Meet the Author

Owen F. Humpage |

Senior Economic Advisor

Owen F. Humpage

Owen F. Humpage is a senior economic advisor specializing in international economics in the Research Department of the Federal Reserve Bank of Cleveland. His research focuses on the international aspects of central-bank policies and has appeared in the International Journal of Central Banking, the International Journal of Finance and Economics, and the Journal of Money, Credit, and Banking. Recently, Dr. Humpage co-authored a history of U.S. foreign-exchange operations.

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Meet the Author

Michael Shenk |

Research Assistant

Michael Shenk

Michael Shenk was formerly a research assistant in the Research Department of the Federal Reserve Bank of Cleveland. His work focused on international topics and housing-market indicators.


Economic Trends

Mighty Bad Recessions

Owen F. Humpage and Michael Shenk

No two recessions are exactly alike. They differ in terms of their depth and duration, their diffusion across various industries, and the economic shocks that set them off. Nevertheless, recessions often share basic characteristics that determine their severity and the pace of subsequent recoveries. Recently, the International Monetary Fund (IMF) has been studying  two of these—association with a financial crisis and global reach—to see how they affect a recession’s contours. The implications for our current global economic malaise, which shares both of these characteristics, are sobering. They explain why the current global downturn is the worst since the Great Depression.

The IMF investigated business cycles which occurred between 1960 and 2007 in 21 advanced countries. Researchers wanted to know if recessions associated with financial shocks and recessions highly synchronized across countries were distinct in their depth and duration from recessions with different characteristics. The sample yielded 122 recessions, 15 of which were associated with financial crises, 37 of which were highly synchronized across the globe, and 6 of which got a double whammy.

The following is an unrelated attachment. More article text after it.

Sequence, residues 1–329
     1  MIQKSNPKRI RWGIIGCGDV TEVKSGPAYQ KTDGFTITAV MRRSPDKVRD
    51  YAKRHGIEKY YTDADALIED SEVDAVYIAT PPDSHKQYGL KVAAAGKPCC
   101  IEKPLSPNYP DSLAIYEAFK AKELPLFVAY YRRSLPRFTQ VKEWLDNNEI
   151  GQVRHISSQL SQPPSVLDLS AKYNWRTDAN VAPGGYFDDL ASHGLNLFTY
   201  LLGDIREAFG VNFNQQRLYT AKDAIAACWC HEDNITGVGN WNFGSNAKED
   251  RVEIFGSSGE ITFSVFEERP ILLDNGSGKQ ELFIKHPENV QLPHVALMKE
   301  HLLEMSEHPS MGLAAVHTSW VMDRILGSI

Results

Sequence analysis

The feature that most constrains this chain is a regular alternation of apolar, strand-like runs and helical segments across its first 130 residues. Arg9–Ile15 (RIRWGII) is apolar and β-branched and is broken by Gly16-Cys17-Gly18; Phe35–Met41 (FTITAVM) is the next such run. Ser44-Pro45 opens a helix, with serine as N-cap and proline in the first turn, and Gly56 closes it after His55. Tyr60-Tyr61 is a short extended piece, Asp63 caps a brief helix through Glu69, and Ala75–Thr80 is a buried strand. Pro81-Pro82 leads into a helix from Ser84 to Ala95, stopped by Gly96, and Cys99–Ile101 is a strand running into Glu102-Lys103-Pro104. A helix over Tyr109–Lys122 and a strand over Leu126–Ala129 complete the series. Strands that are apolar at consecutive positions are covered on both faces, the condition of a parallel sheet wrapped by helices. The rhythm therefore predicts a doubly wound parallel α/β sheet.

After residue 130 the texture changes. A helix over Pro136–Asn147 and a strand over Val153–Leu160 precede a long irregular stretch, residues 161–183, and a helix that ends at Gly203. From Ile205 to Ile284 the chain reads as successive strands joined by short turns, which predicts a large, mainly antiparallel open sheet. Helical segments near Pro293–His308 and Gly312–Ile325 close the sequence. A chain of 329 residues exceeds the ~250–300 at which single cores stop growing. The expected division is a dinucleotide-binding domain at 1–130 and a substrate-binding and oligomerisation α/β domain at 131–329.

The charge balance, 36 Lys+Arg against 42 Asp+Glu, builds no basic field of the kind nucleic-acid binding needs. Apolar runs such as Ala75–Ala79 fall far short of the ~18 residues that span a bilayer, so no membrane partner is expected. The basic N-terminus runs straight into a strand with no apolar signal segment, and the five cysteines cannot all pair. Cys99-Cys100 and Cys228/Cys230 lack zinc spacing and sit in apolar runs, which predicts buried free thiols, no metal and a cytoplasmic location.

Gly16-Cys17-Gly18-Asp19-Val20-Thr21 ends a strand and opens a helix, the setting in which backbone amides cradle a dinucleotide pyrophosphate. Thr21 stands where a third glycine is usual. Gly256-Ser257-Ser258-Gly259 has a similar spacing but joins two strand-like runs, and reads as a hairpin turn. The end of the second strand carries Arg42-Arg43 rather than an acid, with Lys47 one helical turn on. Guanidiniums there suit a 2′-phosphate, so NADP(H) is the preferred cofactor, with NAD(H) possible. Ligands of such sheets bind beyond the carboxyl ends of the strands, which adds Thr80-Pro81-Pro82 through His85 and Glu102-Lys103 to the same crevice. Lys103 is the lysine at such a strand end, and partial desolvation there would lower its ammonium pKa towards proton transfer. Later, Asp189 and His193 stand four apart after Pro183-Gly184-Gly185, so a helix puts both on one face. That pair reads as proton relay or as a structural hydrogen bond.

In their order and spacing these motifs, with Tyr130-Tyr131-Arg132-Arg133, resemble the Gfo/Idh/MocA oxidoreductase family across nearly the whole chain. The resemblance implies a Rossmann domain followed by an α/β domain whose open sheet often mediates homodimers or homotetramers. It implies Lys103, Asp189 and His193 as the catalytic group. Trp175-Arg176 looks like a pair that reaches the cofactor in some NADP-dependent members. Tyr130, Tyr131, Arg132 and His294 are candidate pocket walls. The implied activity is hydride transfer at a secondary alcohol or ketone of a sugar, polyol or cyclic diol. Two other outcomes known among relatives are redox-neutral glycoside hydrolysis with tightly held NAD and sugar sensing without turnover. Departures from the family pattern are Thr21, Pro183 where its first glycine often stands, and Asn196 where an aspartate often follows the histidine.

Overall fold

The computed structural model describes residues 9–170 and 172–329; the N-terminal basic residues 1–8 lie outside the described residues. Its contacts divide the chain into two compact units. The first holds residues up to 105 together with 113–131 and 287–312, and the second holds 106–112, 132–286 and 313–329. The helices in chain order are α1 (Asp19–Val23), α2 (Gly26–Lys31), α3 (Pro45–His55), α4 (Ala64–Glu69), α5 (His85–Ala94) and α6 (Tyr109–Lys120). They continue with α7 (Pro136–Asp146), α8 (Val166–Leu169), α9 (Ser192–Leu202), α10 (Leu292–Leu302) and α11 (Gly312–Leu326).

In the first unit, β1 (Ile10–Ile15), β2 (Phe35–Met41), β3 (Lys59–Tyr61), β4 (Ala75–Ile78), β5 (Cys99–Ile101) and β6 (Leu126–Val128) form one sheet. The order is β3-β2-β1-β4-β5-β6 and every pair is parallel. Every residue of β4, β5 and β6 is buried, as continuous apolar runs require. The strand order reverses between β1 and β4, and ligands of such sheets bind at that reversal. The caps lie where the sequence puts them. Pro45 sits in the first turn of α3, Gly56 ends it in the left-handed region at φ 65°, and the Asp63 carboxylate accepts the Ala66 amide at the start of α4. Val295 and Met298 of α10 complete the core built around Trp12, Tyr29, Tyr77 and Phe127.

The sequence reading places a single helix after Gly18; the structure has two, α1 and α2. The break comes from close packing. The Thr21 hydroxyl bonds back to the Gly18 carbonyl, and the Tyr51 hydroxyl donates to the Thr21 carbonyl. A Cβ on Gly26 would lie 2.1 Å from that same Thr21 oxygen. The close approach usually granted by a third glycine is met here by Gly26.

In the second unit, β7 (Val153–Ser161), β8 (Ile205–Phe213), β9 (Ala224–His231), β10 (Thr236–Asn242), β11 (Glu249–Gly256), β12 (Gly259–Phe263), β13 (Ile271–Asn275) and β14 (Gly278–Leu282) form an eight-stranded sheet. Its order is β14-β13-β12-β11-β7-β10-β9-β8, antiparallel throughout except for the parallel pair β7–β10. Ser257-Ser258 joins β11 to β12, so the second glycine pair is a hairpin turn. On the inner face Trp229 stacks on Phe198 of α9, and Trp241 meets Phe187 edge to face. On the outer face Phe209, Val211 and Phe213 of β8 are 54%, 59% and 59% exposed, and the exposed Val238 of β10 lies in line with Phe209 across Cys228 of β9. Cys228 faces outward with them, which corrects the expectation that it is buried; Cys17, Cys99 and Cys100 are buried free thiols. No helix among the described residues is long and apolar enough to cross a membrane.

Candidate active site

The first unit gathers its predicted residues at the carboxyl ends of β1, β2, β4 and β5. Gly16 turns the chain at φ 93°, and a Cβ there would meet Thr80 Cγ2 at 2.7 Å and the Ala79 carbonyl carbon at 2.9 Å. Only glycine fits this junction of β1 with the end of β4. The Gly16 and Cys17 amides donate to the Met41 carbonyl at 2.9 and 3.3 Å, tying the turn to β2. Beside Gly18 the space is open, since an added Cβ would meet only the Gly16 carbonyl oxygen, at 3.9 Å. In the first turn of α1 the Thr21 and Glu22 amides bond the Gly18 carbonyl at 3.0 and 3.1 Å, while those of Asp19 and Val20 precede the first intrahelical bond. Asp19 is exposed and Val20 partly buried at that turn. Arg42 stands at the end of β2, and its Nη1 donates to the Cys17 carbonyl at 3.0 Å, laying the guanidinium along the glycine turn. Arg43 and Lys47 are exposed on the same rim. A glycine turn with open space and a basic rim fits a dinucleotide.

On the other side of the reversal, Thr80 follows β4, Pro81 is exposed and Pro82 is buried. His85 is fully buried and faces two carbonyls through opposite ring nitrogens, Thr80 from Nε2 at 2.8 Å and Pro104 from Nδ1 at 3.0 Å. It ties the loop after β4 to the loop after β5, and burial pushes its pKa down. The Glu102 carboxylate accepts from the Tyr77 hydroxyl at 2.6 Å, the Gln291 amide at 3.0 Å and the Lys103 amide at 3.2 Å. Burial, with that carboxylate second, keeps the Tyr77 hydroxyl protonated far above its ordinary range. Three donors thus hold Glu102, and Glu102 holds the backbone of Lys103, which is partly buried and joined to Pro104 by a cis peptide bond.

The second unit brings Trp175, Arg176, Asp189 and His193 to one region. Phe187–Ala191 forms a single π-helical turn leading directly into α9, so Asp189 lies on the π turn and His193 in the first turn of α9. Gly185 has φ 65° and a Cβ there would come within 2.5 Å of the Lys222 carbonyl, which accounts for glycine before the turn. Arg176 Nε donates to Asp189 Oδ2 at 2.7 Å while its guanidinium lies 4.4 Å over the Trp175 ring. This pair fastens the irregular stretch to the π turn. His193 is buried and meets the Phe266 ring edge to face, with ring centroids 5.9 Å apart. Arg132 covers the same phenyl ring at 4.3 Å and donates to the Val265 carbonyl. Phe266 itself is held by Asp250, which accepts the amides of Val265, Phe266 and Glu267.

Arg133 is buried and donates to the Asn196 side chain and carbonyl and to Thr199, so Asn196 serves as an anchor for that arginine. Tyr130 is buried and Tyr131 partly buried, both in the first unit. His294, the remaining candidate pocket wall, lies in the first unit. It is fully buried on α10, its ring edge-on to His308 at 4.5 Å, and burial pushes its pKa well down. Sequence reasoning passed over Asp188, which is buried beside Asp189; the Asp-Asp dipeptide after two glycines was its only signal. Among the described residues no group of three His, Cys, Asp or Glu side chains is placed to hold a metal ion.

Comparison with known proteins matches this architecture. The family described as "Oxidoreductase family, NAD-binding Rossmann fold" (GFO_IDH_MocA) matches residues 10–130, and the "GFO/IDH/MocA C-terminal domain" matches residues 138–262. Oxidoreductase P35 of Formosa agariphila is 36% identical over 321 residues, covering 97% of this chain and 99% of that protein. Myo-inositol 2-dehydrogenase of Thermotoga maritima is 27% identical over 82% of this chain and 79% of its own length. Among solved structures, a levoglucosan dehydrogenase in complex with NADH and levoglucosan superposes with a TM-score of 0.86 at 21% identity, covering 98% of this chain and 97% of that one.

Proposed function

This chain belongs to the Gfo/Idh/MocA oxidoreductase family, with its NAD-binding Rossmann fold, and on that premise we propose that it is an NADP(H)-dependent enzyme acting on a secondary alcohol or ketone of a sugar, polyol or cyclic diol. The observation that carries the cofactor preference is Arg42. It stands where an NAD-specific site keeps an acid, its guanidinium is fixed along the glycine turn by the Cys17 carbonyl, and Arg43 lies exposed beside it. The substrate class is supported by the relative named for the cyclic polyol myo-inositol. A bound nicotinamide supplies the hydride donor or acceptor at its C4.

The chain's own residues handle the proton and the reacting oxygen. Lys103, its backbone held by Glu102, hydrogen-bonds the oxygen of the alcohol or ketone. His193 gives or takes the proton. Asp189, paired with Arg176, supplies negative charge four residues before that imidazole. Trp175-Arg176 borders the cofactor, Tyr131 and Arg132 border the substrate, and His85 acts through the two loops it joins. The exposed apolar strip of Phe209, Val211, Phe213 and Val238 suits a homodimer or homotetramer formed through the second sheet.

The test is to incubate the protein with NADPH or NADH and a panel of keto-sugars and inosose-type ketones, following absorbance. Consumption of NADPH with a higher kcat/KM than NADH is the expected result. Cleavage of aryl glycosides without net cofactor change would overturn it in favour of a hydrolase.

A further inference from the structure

Recessions associated with financial crises are deeper and longer lasting than recessions associated with other types of economic shocks. In addition, their recoveries are slow and prolonged. Such recessions tend to follow periods of rapid credit growth, involving overheated goods and labor markets, housing booms, and a loss of international competitiveness. Rapid credit growth often results in low household savings rates and a deterioration in household balance sheets. After the credit bubble bursts, a long period of retrenchment ensues. Demand remains weak, especially in areas of the economy dependent on credit, like residential and business investment.

Recessions that are highly synchronized across countries are likewise deeper and longer lasting than other recessions. When a good portion of the globe is in recession, exports cannot provide a way out, and hence recoveries are slow and protracted. The IMF found that highly synchronized global recessions typically followed or coincided with recessions in the United States. When the U.S. sneezes, the rest of the world catches cold.

Combine a global recession with a financial crisis, as is currently the case, and you have the worst of all possible situations. The current global contraction is deep and the recovery will be drawn out.

The IMF also compared the effectiveness of monetary and fiscal policies in recessions associated with financial crises to economic contractions triggered by other events. In recessions not associated with financial crises, expansionary monetary policies shortened the duration of the downturn and promoted faster recoveries, but fiscal policies have no noticeable effect. During recessions associated with a financial crisis, however, monetary policy, which operates mainly through banks and interest rates, is ineffectual, while fiscal policy gains some bite. That said, the effectiveness of fiscal policies wane rapidly during the recovery phase in countries saddled with high levels of public debt.